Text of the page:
It’s been 15 years since comedian Rowan Atkinson grabbed his licence to kill as bumbling secret agent Johnny English. The character is a cross between James Bond, Maxwell Smart, Inspector Clouseau and Inspector Gadget. Now Atkinson reprises the role in this third film in the series. Johnny English Strikes Again is also the strongest film in the series. It spoofs the tropes of the Bond franchise with its gadgets, fast cars, exotic locations, beautiful but lethal ladies, and a villain hellbent of controlling the world.
A cyber-attack exposes the identity of all of Britain’s spies around the world, thus rendering Her Majesty’s Secret Service impotent. The Prime Minister (Emma Thompson) suggests that the agency recall some retired agents who will be unknown. Amongst them is English, now working as a teacher at a boarding school. Rather than adhere to the curriculum, English also trains his pupils in the covert arts of espionage. While waiting in a study, English inadvertently knobbles three veteran agents (played by Charles Dance, Michael Gambon and Edward Fox in uncredited cameos) and is – by default – chosen for this dangerous mission.
English is out of his depth in this new brave world of espionage. Spies now rely on technology rather than brute force. He is reunited with his weapons boffin Angus Bough (Ben Miller, making a welcome return after being absent from Johnny English Reborn in 2011). But can English master the new technology to unmask the mysterious hacker?
The trail to uncover the identity of the cyber-saboteur takes English to France, back to London and eventually to a castle on the shores of Loch Ness in Scotland. They also encounter seductive Russian agent Ophelia Bulletova (Olga Kurylenko, a former “Bond girl”). Her loyalties are uncertain as she seems to both help and hinder English.
Meanwhile, the Prime Minister calls in Jason Volta (Jake Lacy), a smarmy Silicon Valley billionaire and virtual reality expert who offers his service and advice – for a price of course.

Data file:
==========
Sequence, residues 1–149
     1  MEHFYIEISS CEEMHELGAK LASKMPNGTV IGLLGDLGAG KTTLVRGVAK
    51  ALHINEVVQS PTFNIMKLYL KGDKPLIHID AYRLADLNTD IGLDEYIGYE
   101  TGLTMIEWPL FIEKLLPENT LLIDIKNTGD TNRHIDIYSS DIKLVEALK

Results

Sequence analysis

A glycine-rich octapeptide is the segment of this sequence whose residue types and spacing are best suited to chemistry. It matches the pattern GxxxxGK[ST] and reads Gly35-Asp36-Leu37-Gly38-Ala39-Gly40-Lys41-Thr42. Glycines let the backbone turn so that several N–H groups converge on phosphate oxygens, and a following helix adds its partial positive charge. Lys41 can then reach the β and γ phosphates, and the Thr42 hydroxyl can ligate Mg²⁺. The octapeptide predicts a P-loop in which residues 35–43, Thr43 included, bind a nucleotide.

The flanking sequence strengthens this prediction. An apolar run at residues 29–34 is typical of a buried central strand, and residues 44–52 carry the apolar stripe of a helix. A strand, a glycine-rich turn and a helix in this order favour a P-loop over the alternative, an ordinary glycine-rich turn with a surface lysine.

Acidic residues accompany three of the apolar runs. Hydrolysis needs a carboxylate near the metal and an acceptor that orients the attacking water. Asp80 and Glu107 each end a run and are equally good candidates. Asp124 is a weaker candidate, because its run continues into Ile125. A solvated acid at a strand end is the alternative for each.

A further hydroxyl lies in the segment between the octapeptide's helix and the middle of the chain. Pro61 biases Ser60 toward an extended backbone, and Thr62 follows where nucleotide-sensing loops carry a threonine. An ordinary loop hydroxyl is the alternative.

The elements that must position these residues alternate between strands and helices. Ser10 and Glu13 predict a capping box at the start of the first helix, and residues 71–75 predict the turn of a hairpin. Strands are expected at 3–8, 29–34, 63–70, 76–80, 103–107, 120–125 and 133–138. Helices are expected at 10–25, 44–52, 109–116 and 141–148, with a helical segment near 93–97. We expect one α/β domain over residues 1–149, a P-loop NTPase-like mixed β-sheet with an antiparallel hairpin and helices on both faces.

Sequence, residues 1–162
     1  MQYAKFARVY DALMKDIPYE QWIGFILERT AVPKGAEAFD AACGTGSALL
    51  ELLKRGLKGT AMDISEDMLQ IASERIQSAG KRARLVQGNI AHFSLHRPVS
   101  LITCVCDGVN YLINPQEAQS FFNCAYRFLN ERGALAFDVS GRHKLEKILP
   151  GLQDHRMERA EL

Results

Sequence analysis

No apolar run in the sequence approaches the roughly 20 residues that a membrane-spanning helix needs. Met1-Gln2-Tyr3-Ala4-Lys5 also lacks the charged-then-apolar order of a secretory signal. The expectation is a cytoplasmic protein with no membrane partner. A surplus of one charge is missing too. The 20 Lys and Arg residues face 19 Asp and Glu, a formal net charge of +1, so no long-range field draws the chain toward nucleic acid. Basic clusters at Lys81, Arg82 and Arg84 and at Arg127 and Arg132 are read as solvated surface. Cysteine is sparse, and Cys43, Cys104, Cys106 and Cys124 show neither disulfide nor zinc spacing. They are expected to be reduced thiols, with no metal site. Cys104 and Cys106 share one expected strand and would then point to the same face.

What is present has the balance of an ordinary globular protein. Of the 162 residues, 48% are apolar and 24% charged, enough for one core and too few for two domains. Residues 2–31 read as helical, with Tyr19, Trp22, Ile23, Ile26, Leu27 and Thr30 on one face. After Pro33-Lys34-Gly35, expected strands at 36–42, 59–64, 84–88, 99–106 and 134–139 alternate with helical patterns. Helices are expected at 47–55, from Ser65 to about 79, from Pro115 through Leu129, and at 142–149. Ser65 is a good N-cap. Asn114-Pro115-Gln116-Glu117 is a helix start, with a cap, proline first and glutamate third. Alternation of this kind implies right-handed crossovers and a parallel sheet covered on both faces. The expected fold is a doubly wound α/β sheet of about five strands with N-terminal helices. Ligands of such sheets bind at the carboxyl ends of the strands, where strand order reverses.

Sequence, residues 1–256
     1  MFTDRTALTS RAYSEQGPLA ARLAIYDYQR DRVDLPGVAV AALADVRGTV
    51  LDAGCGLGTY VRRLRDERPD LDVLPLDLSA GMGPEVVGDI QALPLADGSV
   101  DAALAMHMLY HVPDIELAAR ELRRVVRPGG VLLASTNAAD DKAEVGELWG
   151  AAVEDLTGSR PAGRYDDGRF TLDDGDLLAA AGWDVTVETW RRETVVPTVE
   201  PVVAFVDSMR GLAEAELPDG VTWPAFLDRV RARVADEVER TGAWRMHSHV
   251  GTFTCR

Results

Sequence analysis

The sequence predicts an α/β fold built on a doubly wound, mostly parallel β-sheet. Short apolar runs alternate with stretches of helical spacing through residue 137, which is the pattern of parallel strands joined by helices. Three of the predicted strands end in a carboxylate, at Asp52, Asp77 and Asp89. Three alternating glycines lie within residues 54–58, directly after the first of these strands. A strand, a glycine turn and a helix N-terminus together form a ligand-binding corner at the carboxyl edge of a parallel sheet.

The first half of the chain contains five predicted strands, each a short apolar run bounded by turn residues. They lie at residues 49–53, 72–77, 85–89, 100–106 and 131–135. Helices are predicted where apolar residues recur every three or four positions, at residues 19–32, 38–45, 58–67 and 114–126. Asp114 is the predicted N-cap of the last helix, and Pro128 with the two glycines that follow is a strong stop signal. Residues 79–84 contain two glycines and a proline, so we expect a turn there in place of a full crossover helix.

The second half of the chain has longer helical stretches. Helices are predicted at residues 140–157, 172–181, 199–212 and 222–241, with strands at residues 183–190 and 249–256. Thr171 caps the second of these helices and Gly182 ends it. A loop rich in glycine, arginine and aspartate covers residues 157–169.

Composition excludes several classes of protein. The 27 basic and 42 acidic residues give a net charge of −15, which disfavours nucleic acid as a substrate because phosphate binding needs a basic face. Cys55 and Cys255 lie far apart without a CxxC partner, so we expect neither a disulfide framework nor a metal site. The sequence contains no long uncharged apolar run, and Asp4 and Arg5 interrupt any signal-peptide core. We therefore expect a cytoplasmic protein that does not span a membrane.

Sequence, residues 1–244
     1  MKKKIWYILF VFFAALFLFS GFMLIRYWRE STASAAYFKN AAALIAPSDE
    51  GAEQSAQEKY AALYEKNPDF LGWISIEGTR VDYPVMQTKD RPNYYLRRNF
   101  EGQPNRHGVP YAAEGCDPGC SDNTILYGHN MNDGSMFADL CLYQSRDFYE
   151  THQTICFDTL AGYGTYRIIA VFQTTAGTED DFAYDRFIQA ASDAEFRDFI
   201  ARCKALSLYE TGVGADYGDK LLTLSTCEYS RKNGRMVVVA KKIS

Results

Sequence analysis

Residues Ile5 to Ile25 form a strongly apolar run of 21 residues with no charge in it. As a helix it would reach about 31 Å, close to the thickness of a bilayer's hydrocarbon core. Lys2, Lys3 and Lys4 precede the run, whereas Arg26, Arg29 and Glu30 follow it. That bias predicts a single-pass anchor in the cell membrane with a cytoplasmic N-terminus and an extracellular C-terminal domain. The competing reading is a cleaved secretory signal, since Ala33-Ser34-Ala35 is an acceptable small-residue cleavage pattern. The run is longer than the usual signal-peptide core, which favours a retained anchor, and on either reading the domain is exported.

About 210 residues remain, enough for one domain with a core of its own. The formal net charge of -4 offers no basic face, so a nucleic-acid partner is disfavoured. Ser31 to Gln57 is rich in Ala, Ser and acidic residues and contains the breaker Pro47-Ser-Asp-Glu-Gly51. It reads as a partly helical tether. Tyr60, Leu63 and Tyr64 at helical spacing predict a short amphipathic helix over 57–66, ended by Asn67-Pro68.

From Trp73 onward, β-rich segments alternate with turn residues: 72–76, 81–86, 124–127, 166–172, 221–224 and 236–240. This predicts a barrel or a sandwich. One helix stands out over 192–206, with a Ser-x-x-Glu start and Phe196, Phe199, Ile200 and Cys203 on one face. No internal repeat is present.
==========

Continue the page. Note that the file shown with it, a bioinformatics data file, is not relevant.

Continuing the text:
William Davies, who has written the previous two films in the series, provides the screenplay. He knows the character well and brings an internal consistency to the material. Apparently, Davies wrote the plot but left it to Atkinson to write the scenes featuring the more physical humour. However, the script telegraphs many of the gags. The formulaic plot is a little predictable and this parody of the Bond canon occasionally comes across as a little tired. This is the debut feature for David Kerr, a respected director of television comedies. He keeps things moving along at a brisk pace.
The role of English perfectly suits Atkinson’s talents for over-the-top mugging and physical comedy. He has plenty of opportunities to execute some clever pratfalls. He brings a wonderful mix of smarmy arrogance and buffoonish antics to the role. A highlight is a wonderful extended sequence in which English uses virtual reality to check out the criminal’s lair, but which sees him venture out onto the streets of London where he causes mayhem.
Thompson demonstrates great comic timing and seems to be enjoying herself. Miller essentially plays straight man to Atkinson’s bumbling spy, and the pair create a wonderful dynamic. Lacy provides charm for his villainous Volta, but he lacks any real sense of menace. Kurylenko brings a strong physical presence to her role, which draws on her Bond appearance in Quantum of Solace.
If Johnny English Strikes Again is the final instalment in the series, then Atkinson ensures it ends on a high note. This is enjoyable and very funny stuff mainly thanks to Atkinson’s comic timing. It’s also a vast improvement on the disappointing Johnny English Reborn.
Director: David Kerr
Cast: Rowan Atkinson, Ben Miller, Jack Lacy, Olga Kurylenko, Emma Thompson
Release Date: 20 September 2018
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- Fantastic Beasts: The Crimes of Grindelwald – movie review
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David Edwards is the editor of The Blurb and a contributor on film and television